Jesus’ Birth & Childhood
Validation of Jesus by Genealogy, Matt. 1:1-17
Matthew introduces “Jesus Christ.” “Jesus” is from the Greek Iesous which is a translation of the Hebrew name yehosua being translated in English as “Joshua.” It means “Jehovah saves”. The title given Jesus by Matthew is “Christ” from the Greek Chrestos meaning “anointed one.” The Hebrew term is masiah or Messiah. Jesus was of the seed of Abraham. God told Abraham, “In your seed all the nations of the earth shall be blessed, because you have obeyed My voice” (Gen. 22:18). He was also to be of the seed of David (Ps. 89:4). And the “Son of David” therefore in line to be king. “Son of David” was considered by the Jews of Matthews day to be a Messianic designation.
For a millennium, Jews had been awaiting the fulfillment of these promises. What right and proof did Jesus have to claim the Throne of David and bless mankind? Matthew begins with a genealogy to offer documented proof.
Matthew’s genealogy is different from that of Luke’s. Whereas Luke’s family tree for Jesus ranges from Adam to Jesus, Matthew begins with Abraham. Luke begins with Jesus and lists his genealogy in descending order. The biggest difference is Matthew is dealing with Joseph’s side of the family tree while Luke focuses on Mary’s side.
Matthew arranges his imperfect genealogy into three groups of fourteen. This may have been used as a memory device. It was also for the purpose of organizing them into three distinct historical periods. The first fourteen were about patriarchs to the first King in the line of Judean kings related to Jesus, thus the mention of King David. The monarchy is the focus of the second set of fourteen. The third group of ancestors covers the period of history beginning with the captivity, exile, return and right up to the Roman period.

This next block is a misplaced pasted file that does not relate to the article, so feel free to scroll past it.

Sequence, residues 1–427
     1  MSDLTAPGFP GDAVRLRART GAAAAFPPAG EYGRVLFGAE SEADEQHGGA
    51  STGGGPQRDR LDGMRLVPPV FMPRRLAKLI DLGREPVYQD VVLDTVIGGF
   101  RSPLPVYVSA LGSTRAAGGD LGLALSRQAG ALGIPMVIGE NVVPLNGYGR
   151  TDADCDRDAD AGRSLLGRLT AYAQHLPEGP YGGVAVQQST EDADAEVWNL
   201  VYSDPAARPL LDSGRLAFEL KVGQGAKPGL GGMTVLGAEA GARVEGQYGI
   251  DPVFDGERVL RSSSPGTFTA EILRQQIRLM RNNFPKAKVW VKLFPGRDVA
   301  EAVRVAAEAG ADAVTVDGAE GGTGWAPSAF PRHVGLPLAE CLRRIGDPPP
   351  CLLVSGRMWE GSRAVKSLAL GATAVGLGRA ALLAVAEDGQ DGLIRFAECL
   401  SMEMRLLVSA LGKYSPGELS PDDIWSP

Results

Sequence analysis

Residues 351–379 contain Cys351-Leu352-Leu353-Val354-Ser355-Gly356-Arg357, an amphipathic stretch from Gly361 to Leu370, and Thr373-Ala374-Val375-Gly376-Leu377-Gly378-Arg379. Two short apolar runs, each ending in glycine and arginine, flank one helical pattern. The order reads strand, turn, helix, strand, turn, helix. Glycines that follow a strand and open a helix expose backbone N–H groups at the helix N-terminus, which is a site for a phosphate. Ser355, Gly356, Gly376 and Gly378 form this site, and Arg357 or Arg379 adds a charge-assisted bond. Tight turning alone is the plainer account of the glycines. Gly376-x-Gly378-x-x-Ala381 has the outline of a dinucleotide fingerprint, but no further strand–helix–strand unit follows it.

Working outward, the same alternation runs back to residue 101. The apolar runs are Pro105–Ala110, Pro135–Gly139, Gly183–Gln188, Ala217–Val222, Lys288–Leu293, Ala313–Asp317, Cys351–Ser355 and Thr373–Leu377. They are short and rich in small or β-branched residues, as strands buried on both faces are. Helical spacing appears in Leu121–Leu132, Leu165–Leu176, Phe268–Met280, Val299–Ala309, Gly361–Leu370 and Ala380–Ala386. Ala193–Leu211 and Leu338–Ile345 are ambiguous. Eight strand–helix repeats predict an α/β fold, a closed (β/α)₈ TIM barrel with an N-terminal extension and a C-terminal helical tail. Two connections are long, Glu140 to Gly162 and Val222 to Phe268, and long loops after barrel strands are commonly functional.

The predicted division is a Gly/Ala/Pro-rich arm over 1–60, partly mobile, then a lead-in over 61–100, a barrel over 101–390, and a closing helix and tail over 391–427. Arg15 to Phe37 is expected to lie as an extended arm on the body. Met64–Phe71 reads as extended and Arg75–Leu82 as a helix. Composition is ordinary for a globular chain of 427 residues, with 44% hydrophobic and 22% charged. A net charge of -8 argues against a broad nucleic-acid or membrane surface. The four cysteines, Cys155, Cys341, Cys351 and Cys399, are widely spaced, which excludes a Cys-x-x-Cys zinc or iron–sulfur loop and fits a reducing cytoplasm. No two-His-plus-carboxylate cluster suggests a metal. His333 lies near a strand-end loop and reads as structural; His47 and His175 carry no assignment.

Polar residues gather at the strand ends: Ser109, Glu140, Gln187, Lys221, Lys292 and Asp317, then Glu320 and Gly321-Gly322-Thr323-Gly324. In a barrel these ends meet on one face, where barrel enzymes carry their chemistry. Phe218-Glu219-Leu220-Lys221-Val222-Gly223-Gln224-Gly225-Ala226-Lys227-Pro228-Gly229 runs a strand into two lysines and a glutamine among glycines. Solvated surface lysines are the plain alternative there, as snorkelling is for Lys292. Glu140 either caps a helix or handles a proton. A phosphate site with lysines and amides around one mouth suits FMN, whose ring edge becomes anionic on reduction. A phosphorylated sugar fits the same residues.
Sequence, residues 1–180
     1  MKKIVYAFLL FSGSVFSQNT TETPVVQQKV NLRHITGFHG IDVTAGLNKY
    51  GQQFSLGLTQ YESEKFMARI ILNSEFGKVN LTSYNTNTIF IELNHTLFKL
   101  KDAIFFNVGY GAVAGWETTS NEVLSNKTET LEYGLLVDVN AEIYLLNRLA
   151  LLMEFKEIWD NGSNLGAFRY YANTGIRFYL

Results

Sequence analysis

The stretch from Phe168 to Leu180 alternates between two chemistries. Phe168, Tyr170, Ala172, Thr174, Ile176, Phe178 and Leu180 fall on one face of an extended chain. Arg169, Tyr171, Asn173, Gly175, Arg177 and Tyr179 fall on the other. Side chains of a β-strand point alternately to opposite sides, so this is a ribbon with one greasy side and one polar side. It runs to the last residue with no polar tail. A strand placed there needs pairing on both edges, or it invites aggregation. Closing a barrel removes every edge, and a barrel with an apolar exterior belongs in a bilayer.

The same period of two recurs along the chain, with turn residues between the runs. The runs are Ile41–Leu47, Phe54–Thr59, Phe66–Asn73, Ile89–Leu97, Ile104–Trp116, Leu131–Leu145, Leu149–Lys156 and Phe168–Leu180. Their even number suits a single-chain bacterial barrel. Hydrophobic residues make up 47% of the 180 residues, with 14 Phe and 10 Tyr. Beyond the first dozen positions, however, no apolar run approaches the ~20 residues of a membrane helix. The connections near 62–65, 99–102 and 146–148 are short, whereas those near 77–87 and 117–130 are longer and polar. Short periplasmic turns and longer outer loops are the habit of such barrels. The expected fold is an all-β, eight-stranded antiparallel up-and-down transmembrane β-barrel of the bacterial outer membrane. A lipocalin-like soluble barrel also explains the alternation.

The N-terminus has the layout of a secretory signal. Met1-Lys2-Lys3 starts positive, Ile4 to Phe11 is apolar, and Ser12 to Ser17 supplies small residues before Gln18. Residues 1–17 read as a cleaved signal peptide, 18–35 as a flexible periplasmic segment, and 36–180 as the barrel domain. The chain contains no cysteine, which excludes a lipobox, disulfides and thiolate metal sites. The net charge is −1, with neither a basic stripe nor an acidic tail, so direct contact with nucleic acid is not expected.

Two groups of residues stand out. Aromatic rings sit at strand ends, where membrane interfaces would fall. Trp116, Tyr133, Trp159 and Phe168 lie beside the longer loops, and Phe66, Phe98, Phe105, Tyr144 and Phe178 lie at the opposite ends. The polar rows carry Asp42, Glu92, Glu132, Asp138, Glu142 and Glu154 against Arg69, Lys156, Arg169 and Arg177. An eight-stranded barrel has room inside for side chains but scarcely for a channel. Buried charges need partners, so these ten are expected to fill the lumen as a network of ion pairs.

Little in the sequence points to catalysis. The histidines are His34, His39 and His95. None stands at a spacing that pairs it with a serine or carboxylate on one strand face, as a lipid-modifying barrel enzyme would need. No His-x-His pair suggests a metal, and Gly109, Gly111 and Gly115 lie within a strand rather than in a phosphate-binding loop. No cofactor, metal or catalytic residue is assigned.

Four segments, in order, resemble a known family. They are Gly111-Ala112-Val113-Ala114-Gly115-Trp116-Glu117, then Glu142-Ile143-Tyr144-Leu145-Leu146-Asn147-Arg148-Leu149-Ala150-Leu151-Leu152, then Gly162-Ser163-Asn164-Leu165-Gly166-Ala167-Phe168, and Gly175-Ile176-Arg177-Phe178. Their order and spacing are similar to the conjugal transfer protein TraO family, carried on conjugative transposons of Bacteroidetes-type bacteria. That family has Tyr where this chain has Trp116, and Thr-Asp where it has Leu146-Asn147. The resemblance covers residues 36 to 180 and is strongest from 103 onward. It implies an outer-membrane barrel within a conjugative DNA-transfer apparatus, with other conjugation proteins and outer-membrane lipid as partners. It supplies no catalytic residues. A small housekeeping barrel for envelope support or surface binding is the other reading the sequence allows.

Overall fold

Matthew does not mention everyone in his genealogy. He cites those of importance to his message. The mention of Judah is of prophetic importance. “The scepter shall not depart from Judah, nor a lawgiver from between his feet, until Shiloh comes; and to Him shall be the obedience of the people” (Gen. 49:10). David’s father, Jesse, also figures in Messianic prophecy (Is. 11:1,10).
In the first section of Jesus’ genealogy, Matthew mentions some of his more famous or infamous grandmothers: Tamar, Rahab, Ruth, and Bathsheba. Tamar was guilty of prostitution and incest with Judah. Rahab was a Canaanite prostitute who lied. Bathsheba was adulterous. Ruth was a Moabite widow and grandmother of David.
The list of the many known ancestors of Jesus with hard to pronounce names are by no means listed here for the Bible student to explore the lives of them one by one. However, an argument could be made that this list represents not just proof of Jesus claim to royalty but a genealogy of grace. Abraham did not trust in God when he left for Egypt or took Hagar as a second wife in hopes of helping God fulfill his promises. David was not a stellar father, committed adultery with Uriah’s wife, Bathsheba, and a gave into the Devil’s temptation to number the people. Solomon married many forbidden foreign wives who turned his heart from God to idolatry. All the men and women in the list where sinners on need of a Savior. Even Mary (Luke 1:46-48) and Joseph needed a Savior. Jesus came from a long line of sinners and came for the purpose of saving them from their sin.